The Plan

"I'm not going back
to the future," Lovey said.
"I want to stay here
and be an Artist."
"But can't you be an Artist
in your own time?"
The squirrel asked.
"Sure," he said.
"But I'll have to get a
day job and that drains
my creativity."





Here, I don't need money.
I am Attila's slave but he sees to my needs
and all I have to do is . . . Entertain him."
He and Dupres exchanged looks as Lovey's voice trailed off.

Several days after the banquet,
Dupres was able to meet with Lovey 343
in a secluded place.
Lovey had shown up in Italy nearly
a year before Dupres' arrival.
He had been shot by the Terminatress in 2525
and landed on the scene severely wounded.
The Huns had stumbled upon him and were intrigued
by his overall appearance and clothing.
They nursed his wounds and let him
remain in the camp. The clone pretended
that he couldn't remember his life before
so that the Huns would stop questioning him.

When Dupres told Lovey about his plan to take the Huns
forward in time to fight the Kentucky squirrel hunters Lovey was troubled.
"You haven't seen what the Huns do," he explained.
"They murder, torture and rape innocent people . . . I've seen it."

"Are you forgetting what the squirrel hunters have done to us?" Dupres countered.

"But they won't stop at squirrel hunters," Lovey went on.
"Attila will want more and you will not be able to control him or his army . . .
All humans aren't evil, you know. And we don't all deserve violent deaths."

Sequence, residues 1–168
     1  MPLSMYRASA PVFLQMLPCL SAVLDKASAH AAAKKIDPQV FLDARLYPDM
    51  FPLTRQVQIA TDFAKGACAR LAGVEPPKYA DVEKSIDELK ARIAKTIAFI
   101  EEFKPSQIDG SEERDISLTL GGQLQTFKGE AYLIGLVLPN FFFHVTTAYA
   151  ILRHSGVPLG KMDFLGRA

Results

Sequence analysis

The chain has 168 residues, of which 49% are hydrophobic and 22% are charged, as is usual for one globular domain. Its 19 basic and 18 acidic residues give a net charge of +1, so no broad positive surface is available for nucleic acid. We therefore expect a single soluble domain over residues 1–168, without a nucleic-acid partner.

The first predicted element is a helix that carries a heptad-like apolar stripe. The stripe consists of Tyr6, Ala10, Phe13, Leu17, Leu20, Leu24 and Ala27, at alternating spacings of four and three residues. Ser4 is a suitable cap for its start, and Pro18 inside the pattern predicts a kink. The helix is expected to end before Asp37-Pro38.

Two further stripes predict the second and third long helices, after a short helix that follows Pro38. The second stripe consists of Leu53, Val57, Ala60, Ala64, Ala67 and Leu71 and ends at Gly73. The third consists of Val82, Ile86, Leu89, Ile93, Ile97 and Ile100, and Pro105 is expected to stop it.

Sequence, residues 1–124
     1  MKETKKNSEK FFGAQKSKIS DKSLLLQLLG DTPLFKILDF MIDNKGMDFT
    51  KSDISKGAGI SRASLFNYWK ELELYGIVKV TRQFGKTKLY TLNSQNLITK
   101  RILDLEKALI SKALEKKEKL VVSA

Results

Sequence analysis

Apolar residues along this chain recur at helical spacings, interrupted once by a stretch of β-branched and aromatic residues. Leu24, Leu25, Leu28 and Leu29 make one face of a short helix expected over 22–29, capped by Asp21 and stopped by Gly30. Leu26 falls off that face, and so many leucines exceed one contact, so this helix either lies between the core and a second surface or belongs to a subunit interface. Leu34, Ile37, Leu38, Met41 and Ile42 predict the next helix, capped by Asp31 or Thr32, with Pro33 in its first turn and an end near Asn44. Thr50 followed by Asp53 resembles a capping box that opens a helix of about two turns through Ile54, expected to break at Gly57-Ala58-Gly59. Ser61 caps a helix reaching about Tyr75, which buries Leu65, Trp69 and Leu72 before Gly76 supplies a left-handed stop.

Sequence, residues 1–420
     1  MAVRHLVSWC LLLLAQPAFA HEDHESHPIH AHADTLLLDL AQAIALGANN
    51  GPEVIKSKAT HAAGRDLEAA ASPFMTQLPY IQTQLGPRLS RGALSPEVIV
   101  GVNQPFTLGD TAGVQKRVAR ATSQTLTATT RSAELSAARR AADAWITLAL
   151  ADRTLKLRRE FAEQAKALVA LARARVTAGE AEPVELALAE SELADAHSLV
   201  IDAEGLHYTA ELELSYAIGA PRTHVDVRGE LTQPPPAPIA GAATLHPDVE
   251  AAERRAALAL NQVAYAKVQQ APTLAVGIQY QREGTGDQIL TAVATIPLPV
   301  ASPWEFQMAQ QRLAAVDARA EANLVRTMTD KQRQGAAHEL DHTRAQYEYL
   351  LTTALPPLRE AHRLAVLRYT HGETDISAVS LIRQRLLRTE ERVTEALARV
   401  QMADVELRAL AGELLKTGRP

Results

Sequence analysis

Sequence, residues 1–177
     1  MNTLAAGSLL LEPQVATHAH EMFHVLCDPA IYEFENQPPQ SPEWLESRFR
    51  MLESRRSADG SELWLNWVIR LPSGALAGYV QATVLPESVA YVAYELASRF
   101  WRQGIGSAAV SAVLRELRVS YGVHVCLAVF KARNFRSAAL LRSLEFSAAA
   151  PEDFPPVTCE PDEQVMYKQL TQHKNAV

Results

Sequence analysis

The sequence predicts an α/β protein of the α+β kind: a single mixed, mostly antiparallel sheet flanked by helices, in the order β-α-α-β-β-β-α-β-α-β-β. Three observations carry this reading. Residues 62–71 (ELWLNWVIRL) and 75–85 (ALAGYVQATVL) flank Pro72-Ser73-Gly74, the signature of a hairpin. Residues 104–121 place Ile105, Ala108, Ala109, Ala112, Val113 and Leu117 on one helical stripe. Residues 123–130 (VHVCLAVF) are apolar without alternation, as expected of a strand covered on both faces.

Dupres didn't want to appear heartless but he had to say what was on his mind.
"Humans hurt animals, even when they mean no harm." He thought for a moment.
"They lock us in cages and let us go insane so that their children can visit us on field trips.
They enslave us and force us to perform in circuses for their own entertainment and profit,
they poison us so that they can build their new homes over ours and blame it on OUR overpopulation . . .
No," he said, "Don't ask me to consider the safety of humans.
Humans think that we exist for their use."

Lovey lowered his head. "I don't think that."
"I know," said Dupres.
"Anyway," Lovey went on, "you can't even control your Tree of Time."
"I am working on that." Dupres said with conviction. "As you can see, without even trying,
you and I ended up in the same place. With a little more thought,
I am convinced that it is possible to direct the outcome of one's journey."

Later, as Dupres spoke with Attila about going to the future,
he realized how single-minded the barbarian was about conquering the world.
The entire world could be his with the squirrel's help.
And in return, Attila would make the world a safe place
for all animals to live, particularly squirrels.
Attila even agreed to stop eating meat and force a meatless diet
on his subjects once he became King of the World.

It was at this time that Dupres realized that Attila was lying.
The Hun had figured out how to block his real thoughts so that the
squirrel could not read them.
It was the only explanation, for Dupres knew that the barbarians
would never give up their meat.

Still, Dupres was holding something back from Attila, too.
In a little over a year, the Hun would be dead.
And if the rebel squirrel played his cards right, he would become
the new Hun leader and control them as he pleased.

Stockton Dupres had much to think about as he lay in his bed that night.
And not the least of which was how to get
700,000 Hunnic warhorses into the Tree of Time for transport.


To be continued . . .





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